Tools of the trade: understanding nucleophilic acyl substitution
The carbonyl carbon is electrophilicNext we can identify the site at which the nucleophile attacks. In nucleophilic acyl substitutions this site is the carbon atom directly adjacent to the oxygen atom in the carbonyl C=O bond. This carbon atom is electrophilic (δ+) due to the adjacent oxygen atom being strongly electronegative. The oxygen atom pulls electron density towards itself and away from the carbon atom it is bonded to – this produces a dipole moment, or a charge difference, between the two atoms (δ+C=Oδ–). In acyl chlorides (RCOCl), the carbonyl carbon is also bonded to a chlorine atom. Chlorine atoms are very electronegative and attract the bonding pair of electrons in the C–Cl bond. Therefore, the carbon atom of the carbonyl is made even more electrophilic (more partially positive, δ+) and a good target for an electron-rich nucleophile.
A tetrahedral intermediate is formed which expels a leaving groupWhen the hydroxide ion (the nucleophile) reacts with an acyl chloride (the electrophile) it attacks the carbon of the carbonyl group. The bonding pair of electrons in the C=O bond moves onto the oxygen atom to form an intermediate, often called a tetrahedral intermediate (as the key carbon atom is now bonded to 4 groups and is tetrahedral). The double bond then reforms whilst the most stable leaving group, the chloride ion, is expelled from the molecule. (Good leaving groups are typically weak bases – the weaker the base, the better it is at accepting electrons and acting as a leaving group. For example, Cl– is a good leaving group, and an extremely weak base, whereas HO– is a poor leaving group, and a strong base.)
Sometimes deprotonation occurs before the leaving group is expelledIf we use a different nucleophile, namely an excess of ammonia (NH3), then a primary amide (RCONH2) is formed. The lone pair on the nitrogen atom of ammonia attacks the electrophilic carbon of the carbonyl and a pair of electrons moves onto the oxygen atom, just as before. However, to form the amide, a second equivalent of ammonia is needed to deprotonate the positively charged nitrogen atom, so that a chloride ion is ejected to re-form the C=O bond. (Notice that when ammonia donates its lone pair of electrons to an atom other than hydrogen it acts as a nucleophile. When ammonia donates its lone pair of electrons to hydrogen (or H+) it acts as a base.)
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Amides versus β-Lactams
Amides are weak electrophilesThe amide product still possesses the carbonyl group, as well as being bonded to nitrogen, an atom that is more electronegative than carbon. So, we might assume that the carbonyl carbon in an amide will be electrophilic and so react readily, in further nucleophilic acyl substitutions. However, in an amide, the lone pair on nitrogen is donated to the more electronegative oxygen atom, to form a C=N bond – the lone pair is stabilised by delocalisation (i.e. it is spread over the molecule) and this is represented by a second resonance structure. As the lone pair is pushed towards the carbonyl carbon atom in the amide, the electrophilicity of the carbonyl carbon is significantly reduced (it is less δ+) and so it is much less reactive to nucleophiles.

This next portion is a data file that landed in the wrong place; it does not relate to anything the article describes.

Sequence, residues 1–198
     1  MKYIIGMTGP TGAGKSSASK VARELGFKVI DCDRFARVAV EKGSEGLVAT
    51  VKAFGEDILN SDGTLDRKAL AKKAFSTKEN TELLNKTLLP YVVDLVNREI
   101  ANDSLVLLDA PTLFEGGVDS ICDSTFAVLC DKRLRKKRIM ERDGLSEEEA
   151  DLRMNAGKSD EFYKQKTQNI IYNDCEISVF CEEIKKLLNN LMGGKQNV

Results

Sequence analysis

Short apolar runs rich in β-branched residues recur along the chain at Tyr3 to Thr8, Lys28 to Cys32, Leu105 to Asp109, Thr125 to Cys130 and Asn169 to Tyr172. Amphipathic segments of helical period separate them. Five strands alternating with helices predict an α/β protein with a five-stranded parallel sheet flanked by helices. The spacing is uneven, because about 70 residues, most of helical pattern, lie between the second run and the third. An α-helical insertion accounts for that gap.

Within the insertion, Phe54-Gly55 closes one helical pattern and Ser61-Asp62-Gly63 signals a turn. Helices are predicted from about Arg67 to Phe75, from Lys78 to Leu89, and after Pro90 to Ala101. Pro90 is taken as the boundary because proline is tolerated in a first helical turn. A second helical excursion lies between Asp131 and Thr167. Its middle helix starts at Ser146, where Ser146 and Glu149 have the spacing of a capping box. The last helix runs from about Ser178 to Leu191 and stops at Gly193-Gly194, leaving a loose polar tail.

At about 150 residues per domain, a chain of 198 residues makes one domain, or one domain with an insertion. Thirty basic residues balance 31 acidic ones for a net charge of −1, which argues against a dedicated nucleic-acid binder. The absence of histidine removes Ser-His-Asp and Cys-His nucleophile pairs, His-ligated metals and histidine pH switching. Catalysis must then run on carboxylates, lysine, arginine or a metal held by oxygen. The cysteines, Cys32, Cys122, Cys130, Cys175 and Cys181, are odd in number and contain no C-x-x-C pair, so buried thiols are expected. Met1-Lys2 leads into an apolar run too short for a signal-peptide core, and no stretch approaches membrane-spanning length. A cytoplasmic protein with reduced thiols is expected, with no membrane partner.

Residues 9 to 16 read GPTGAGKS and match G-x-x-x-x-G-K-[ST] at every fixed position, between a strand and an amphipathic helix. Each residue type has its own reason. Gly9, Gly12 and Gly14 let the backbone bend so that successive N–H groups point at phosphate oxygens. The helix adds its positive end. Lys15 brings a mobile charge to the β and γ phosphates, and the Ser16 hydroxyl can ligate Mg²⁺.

β-Lactams are strong electrophilesFrom our observations of the stability of amides we might assume that the β-lactam ring of penicillin would not be susceptible to nucleophilic attack. However, delocalisation of a lone pair of electrons, from nitrogen to oxygen, would form a highly unstable molecule. If you have a molecular model kit then try to make a double bond in a four-atom square! You’ll find that this is very difficult and as such would require a considerable amount of energy to achieve. So, unlike normal amides, the β-lactam carbonyl group is much more electrophilic (it is more δ+) and more susceptible to nucleophilic attack. This helps explain why penicillins can form penicilloic acids, under mild conditions, in an aqueous environment – we will see that their β-lactam ring is broken through a nucleophilic acyl substitution reaction.
There are a wide range of nucleophilic acyl substitution reactions. You might like to see how esters react with organometallics called Grignard reagents – the first step involves a nucleophilic acyl substitution.
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Exploring Everyday Chemistry
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